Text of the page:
The Good Apprentice was Iris Murdoch’s twenty-second novel, and, not surprisingly, it shares some of the important characteristics of the earlier ones. First, The Good Apprentice has the social detail and realistic surface as well as the complex plot typical of Murdoch’s fiction. Her novels often have surprising twists, suspense, sudden reversals, and what one critic has called “the eventual subsidence of emotion in a general feeling of justice.” Another noteworthy aspect of Murdoch’s novels is the intellectual or philosophical dimension: Murdoch was for many years a professor of philosophy, and her first published work was Sartre: Romantic Rationalist (1953). From the beginning of her career, her novels have been concerned with such philosophical issues as power and freedom and, above all, the good. Since her eleventh novel, The Nice and the Good (1968), the problem of finding the good in the modern world has been a primary concern of her fiction. The Good Apprentice clearly reflects Murdoch’s interest in dealing with this ethical problem in fiction in the characters’ search for the good and in the dialogue about how and where it is to be found.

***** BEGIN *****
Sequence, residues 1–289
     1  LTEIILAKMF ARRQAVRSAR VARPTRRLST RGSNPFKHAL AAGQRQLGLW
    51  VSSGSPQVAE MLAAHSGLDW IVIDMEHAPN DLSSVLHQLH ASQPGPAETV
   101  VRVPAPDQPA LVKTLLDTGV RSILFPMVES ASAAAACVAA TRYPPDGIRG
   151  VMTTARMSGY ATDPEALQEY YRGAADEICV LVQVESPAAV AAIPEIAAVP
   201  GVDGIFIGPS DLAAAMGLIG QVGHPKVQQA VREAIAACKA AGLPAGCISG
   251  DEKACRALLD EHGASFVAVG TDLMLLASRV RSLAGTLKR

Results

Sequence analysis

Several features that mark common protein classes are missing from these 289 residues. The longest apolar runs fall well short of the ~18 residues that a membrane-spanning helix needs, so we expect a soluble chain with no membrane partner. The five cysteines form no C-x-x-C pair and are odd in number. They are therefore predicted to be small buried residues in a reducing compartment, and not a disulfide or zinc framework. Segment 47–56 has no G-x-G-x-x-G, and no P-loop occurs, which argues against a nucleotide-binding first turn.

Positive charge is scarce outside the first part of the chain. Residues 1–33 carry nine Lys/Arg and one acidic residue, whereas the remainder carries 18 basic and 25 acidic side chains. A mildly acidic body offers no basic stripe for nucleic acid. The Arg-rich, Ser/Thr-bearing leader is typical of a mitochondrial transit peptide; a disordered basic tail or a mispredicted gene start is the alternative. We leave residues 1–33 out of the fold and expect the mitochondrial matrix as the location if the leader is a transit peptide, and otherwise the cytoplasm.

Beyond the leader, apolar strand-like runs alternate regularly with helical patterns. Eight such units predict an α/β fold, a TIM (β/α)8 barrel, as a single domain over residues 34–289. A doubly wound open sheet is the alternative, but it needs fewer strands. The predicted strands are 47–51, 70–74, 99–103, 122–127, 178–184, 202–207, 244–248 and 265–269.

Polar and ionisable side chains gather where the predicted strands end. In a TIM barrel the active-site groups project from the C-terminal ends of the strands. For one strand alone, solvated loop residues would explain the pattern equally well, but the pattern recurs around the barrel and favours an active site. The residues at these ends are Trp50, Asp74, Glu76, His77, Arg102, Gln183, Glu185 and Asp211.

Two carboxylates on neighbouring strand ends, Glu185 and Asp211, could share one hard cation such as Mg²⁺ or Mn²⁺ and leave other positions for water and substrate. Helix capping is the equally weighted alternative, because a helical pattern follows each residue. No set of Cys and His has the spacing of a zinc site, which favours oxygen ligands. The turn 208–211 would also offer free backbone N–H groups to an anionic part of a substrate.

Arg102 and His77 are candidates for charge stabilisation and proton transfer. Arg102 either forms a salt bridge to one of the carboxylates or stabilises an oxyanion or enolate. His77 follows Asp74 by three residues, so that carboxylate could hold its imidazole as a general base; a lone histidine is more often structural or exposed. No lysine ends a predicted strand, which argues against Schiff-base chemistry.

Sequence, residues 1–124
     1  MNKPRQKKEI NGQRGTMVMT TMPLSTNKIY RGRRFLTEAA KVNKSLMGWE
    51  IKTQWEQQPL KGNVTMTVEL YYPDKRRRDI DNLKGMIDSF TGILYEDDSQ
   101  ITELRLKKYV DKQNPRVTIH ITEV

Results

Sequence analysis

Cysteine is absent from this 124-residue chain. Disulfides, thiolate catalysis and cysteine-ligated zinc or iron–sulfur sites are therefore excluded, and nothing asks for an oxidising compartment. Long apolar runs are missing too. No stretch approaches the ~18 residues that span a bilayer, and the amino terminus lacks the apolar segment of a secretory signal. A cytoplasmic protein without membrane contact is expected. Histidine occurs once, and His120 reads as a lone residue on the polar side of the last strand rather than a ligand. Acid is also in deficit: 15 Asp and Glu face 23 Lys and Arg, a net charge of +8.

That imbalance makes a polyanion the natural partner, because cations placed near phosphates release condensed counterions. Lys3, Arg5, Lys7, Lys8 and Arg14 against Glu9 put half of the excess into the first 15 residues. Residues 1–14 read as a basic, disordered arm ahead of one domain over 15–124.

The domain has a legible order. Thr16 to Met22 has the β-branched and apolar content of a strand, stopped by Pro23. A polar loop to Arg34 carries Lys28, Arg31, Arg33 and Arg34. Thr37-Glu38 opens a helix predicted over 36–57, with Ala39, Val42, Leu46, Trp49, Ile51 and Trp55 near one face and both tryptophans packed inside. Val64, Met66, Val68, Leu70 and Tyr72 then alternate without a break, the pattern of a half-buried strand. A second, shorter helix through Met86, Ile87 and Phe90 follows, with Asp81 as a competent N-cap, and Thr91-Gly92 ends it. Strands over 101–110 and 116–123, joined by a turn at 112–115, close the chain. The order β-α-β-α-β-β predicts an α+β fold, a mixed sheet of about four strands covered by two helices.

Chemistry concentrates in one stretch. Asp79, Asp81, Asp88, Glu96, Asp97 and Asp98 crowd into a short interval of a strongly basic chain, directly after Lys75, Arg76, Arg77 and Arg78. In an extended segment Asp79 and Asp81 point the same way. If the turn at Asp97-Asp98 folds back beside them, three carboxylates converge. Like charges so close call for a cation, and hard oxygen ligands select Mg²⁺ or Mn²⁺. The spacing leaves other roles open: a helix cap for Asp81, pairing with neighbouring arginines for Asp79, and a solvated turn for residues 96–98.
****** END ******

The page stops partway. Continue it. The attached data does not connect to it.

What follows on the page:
The critical response to The Good Apprentice, like that to most of Murdoch’s novels, has been mixed. Harold Bloom noted the typical complex and comic plot and the philosophical element, but he had doubts whether “the comic story and the spiritual kernel can be held together by Miss Murdoch’s archaic stance as an authorial will.” Howard Moss’s review was more favorable, but he did not like being “told so schematically and so often that the ’good’ exists.” Gillian Wilce called the novel a “moral soap opera,” but she also noted Murdoch’s great theme: “the human inclination to go on struggling not just for meaning but for, well, goodness.”